A little under three years ago, a contractor named Christian Szilagy bought the property and presented the city with a proposal to demolish the house and replace it with three skinny and rectangular homes that would extend through the lot.
A mediator joined him and later filed a three-sentence report to the city: “The applicant described the project. Not a single neighbor had anything positive to say about it. No further meetings were scheduled.”
As neighbors wrote letters, called the city and showed up at meetings holding signs that said “Protect Our Community” and “Reject 1310 Haskell Permit!,” the project quickly became politicized.
The act is rarely invoked because developers don’t want to sue cities for fear it will anger city councils and make it harder for them to gain approval for other developments.
Shortly after Berkeley denied the Haskell Street permit, Ms. Trauss sued the city – and won.
Mr. Hanlon’s first project was to push for a law that would make it easier to sue cities under the Housing Accountability Act.
In addition to raising the legal burden of proof for cities to deny new housing projects, the bill makes the suits more expensive to defend by requiring cities that lose to pay the other side’s lawyers’ fees.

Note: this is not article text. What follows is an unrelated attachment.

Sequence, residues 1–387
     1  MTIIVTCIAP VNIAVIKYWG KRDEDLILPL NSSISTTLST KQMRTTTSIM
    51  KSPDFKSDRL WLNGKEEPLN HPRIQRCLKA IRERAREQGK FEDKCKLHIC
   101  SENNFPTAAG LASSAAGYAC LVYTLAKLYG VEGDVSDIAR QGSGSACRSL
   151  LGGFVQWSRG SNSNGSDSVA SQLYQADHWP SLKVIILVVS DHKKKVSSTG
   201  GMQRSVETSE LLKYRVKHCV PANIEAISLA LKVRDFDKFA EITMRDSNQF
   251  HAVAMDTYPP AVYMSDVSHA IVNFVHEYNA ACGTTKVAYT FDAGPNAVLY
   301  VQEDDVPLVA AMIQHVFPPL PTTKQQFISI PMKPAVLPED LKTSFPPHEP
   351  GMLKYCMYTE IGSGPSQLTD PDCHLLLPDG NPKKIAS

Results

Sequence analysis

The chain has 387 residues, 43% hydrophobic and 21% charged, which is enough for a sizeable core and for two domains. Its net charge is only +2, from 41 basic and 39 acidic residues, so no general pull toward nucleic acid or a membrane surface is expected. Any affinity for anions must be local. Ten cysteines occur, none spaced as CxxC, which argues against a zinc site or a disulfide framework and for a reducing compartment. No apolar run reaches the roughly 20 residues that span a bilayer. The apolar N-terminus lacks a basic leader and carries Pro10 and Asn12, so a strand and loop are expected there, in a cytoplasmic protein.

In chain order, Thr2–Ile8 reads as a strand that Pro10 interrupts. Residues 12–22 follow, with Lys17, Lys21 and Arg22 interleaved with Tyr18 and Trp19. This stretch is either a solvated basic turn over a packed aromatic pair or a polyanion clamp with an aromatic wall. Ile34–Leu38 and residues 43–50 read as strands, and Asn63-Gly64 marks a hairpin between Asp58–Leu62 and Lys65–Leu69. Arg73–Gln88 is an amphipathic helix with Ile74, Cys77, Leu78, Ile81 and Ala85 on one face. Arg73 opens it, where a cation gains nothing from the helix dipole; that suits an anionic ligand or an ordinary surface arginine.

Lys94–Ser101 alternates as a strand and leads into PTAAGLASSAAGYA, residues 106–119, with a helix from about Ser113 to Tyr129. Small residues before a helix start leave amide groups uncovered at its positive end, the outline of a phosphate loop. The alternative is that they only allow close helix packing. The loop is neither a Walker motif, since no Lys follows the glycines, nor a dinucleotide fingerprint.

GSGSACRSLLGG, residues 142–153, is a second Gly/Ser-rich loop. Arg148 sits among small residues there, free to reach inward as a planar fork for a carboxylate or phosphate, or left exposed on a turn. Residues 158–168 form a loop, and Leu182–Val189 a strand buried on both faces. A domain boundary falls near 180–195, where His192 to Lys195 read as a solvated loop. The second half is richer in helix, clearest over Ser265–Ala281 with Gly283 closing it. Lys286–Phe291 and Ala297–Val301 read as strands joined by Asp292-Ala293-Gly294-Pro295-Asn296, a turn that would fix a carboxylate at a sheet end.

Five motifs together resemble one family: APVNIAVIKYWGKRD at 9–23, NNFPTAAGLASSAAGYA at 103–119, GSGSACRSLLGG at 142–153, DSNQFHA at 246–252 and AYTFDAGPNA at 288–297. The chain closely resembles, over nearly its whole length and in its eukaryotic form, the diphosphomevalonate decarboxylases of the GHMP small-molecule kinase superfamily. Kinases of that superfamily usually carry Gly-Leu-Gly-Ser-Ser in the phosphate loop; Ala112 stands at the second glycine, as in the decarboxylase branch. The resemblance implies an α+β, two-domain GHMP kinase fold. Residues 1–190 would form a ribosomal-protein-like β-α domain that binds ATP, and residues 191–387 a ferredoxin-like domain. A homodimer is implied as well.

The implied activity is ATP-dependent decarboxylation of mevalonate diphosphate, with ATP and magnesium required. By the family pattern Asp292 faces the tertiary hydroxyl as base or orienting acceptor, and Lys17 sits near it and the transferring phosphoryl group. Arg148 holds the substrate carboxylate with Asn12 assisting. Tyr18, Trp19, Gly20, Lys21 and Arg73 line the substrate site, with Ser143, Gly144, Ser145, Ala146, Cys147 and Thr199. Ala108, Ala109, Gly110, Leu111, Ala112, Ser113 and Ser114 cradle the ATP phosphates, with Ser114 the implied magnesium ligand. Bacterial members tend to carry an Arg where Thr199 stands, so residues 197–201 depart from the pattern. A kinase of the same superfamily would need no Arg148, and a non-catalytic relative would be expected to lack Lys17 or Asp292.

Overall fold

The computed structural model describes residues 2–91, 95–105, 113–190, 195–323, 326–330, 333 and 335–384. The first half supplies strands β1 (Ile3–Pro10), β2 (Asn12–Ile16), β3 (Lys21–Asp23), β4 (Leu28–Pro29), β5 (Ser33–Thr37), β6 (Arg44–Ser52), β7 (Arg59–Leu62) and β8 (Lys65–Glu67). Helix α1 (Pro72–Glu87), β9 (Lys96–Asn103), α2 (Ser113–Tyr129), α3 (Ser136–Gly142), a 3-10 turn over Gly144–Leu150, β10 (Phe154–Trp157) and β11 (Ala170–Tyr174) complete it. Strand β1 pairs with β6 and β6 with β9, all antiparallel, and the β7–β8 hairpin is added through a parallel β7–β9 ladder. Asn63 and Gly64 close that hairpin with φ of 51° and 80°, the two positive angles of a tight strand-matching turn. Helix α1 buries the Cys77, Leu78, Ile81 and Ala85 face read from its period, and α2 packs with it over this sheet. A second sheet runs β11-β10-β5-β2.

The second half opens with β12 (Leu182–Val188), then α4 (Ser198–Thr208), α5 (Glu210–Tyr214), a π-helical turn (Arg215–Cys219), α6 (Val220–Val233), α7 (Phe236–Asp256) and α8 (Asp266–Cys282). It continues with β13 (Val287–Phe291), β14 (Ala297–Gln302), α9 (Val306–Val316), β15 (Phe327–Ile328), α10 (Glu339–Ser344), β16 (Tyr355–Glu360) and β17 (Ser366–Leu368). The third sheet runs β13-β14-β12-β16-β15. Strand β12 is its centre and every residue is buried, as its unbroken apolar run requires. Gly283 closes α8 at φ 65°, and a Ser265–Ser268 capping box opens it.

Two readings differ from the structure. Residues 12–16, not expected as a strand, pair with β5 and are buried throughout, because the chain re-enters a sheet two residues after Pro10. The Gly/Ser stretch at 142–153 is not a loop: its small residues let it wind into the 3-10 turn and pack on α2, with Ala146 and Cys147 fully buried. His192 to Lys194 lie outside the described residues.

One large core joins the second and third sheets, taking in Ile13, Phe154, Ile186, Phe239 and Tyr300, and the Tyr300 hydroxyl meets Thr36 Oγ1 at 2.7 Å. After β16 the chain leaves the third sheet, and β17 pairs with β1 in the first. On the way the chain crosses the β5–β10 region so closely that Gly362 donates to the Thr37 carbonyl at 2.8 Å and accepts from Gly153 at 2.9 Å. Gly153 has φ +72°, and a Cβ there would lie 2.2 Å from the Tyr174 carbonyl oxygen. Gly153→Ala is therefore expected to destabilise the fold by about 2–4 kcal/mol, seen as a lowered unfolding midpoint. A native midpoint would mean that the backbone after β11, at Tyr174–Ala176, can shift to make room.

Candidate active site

The orginal article.

Summary of “Amazon’s next job for Alexa is helping out in your office”

Amazon’s business subsidiary, Amazon Web Services, has announced a new initiative to get companies using Alexa in the office.
With the new scheme, Alexa for Business, companies will be given the tools to manage a fleet of Alexa-enabled devices.
They’ll also be able to build their own apps for the assistant, with Amazon suggesting functions like helping with directions around the office, reporting problems with equipment, and ordering new supplies.
The office is a big new frontier for Alexa, which has proved to be a surprise hit for Amazon.
Amazon has quickly capitalized on its lead in the industry, launching a slew of new Alexa devices, including screen-equipped versions for the kitchen and bedroom.
In a talk announcing Alexa for Business at Amazon’s re:Invent conference today, the company’s CTO Werner Vogels described voice interfaces as the future of computer interfaces.
As well as letting companies build their own tools for Alexa, Amazon is working with other popular enterprise firms, including Concur Solutions, SAP SuccessFactors, and Salesforce.
If other companies follow suit, it would be a whole new domain for Alexa – and Amazon – to master.

The orginal article.